Looking over the Emmy nominations announced Thursday morning, you'd almost think that the TV academy was honoring two separate industries. For drama and made-for-TV movies and miniseries, it's HBO and its basic-cable cousins. For everything else, it's broadcast.
HBO, in the midst of a programming comeback, topped the overall count, with 104 nominations, or more than one-fifth of the total. The premium cable network's haul was led by 21 nods for the Depression-era melodrama "Mildred Pierce," 18 for the Prohibition-era drama "Boardwalk Empire" and 13 for "Game of Thrones," the last of which overcame voters' longtime aversion to the fantasy genre. The results were a notable vindication for a network that until now had difficulty recapturing the magic of a decade ago, when "The Sopranos" revolutionized the TV drama.
AMC's ad-industry period piece "Mad Men" — the drama winner for three years running — racked up 19 nominations, its most ever. Each of those shows delivers roughly one-tenth the audience of CBS' No. 1-ranked crime drama "NCIS," which has been conspicuous in its lack of love from Emmy voters. Overall, AMC got 29 nominations, and HBO's premium rival Showtime received 21.
But, in a sign of how lopsided the TV business has become, broadcast networks ABC, CBS, NBC and Fox controlled comedy and reality — more profitable genres that square better with their corporate parents' financial imperatives these days. All six of the nominees for comedy series are on broadcast TV, including CBS' "The Big Bang Theory" and NBC's "Parks and Recreation." ABC's sitcom hit "Modern Family" capped its second season with 17 nominations. Fox's singing smash "American Idol" grabbed 10 nominations, the most ever in its reality category.
Still, the acclaim is shifting more and more toward niche cable shows, which is hard to construe as anything but a slap at the expansive programming approach favored by the legacy networks. The nominations also may point to Emmy tensions down the road: After months of negotiations, the broadcasters in May agreed to carry the award telecast until 2018, despite years of griping from network brass that the Emmys tilt too heavily in favor of critical darlings on cable. Overall, broadcast networks received 221 nominations, compared with cable's 268 (last year, cable squeaked by, 248 versus 247).
"Cable has found a way to tap into a lot of frustrated creativity and exploit it financially," said Matt Weiner, the creator and executive producer of "Mad Men." "I can literally look at these shows on basic cable and pick where they would have been 10 years ago on network TV; some would not have been on at all.
"There's a lot of shows on here that [broadcast] network TV just can't do, they can't support it, because they don't deliver the mass audiences that they require. At the same time, audiences really like them and they have longevity and they succeed in all these different formats. Business models are very different than they used to be."
Alan Perris, chief operating officer of the Academy of Television Arts & Sciences, said the broadcast/cable split is to be expected. "Cable networks don't spend much time with comedy, and broadcasters don't spend much time with movies and children's programming," he said, adding: "Overall, I think it's a pretty fair process."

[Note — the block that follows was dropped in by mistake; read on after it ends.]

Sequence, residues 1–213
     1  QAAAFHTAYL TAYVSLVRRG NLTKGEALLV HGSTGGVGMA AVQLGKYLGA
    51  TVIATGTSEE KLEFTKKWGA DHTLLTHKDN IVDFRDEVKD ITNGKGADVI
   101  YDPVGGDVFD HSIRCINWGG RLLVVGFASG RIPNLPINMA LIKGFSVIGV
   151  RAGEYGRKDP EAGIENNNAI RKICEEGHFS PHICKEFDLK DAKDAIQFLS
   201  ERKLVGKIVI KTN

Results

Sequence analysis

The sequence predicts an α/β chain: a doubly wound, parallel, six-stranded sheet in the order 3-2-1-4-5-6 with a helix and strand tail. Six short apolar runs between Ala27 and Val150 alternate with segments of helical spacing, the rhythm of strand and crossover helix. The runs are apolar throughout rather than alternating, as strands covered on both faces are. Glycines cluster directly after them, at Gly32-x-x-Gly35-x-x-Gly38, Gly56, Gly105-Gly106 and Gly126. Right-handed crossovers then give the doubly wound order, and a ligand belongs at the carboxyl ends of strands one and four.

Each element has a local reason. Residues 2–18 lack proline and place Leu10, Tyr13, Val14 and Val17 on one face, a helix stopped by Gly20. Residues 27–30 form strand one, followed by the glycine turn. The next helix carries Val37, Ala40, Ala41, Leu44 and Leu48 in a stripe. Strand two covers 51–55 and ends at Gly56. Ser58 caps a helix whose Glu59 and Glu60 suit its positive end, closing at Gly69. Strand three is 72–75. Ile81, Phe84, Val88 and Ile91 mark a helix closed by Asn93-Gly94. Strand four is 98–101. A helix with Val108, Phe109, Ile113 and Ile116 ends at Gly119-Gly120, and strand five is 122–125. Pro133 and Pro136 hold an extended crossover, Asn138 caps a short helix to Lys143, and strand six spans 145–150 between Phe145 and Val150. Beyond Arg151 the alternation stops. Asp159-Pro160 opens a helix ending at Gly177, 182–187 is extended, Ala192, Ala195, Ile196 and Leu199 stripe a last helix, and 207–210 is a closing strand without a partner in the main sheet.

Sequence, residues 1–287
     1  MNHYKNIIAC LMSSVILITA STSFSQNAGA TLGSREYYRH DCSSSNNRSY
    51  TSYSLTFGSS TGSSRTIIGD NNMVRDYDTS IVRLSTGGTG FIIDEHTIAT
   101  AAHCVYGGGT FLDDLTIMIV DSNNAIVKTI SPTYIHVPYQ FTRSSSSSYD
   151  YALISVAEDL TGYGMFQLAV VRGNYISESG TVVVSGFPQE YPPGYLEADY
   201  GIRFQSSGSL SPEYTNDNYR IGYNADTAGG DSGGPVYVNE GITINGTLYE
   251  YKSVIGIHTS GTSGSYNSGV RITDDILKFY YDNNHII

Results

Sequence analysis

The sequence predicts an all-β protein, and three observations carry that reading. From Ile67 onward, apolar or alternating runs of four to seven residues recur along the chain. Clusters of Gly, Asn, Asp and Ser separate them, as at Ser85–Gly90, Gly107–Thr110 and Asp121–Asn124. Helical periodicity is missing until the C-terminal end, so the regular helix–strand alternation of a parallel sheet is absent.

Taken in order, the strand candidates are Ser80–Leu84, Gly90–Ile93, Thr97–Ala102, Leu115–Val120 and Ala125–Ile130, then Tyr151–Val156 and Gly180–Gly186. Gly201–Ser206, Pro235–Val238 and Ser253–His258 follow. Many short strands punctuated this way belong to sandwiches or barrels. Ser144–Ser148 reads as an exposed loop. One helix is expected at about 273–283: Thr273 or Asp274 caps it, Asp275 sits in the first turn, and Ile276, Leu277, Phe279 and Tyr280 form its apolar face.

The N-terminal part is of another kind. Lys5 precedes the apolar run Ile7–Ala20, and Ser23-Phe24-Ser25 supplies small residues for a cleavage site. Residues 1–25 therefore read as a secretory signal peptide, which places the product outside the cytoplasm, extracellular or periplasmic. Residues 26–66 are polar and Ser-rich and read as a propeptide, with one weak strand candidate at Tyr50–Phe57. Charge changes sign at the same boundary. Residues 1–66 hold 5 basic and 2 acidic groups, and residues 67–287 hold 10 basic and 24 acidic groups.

The nomination roster featured a few surprises, including acting nods for Louis C.K. on FX's critically acclaimed comedy "Louie" and Melissa McCarthy on CBS' sitcom "Mike & Molly," as well as 10 nods for "The Kennedys," the controversial miniseries that was booted from the History channel and wound up on ReelzChannel.
But it was HBO that ruled the day, which counted as a return to form for a network that a decade ago ruled the Emmys with "The Sopranos" and "Sex and the City."
In fact, "The Sopranos" — the New Jersey mob story that in 2004 became the first cable show to win as drama series — continues to cast a long shadow years after ending its run. The drama series category includes a showdown between two former "Sopranos" writers: Weiner of "Mad Men" and Terence Winter of "Boardwalk Empire."
HBO submitted 39 series, movies and specials for Emmy consideration this year — a record for the network.
Even minus "Sopranos," HBO kept up appearances with lavish miniseries and TV movies. That tradition continued this season, as "Mildred Pierce," the domestic drama starring Kate Winslet, scored 21 nominations, the most of any program. An additional 11 came for "Too Big to Fail," HBO's dramatization of the 2008 financial meltdown on Wall Street.
But it's in original series that HBO really made progress this season. "Boardwalk Empire" — a period piece about fictionalized Atlantic City boss "Nucky" Thompson (Steve Buscemi, nominated in the lead actor category) — has struggled in the ratings but has become one of the network's most-honored dramas.
The tally for "Game of Thrones," based on George R.R. Martin's novels set in the mythical land of Westeros, included a nod for actor Peter Dinklage. Academy voters embraced the show despite a somewhat dicey history with past fanboy favorites, including "Buffy the Vampire Slayer" and "The X-Files."
"HBO has made a comeback in programming this season," said Brad Adgate, a programming analyst for New York ad firm Horizon Media, who added that it was still unknown what effect the new programs might have on HBO's subscriber tally, currently parked just below 30 million. "It also remains to be seen whether this next generation of original HBO series can match 'The Sopranos' and 'Sex and the City' as landmark television programs. The results at the Emmy Awards could help determine that."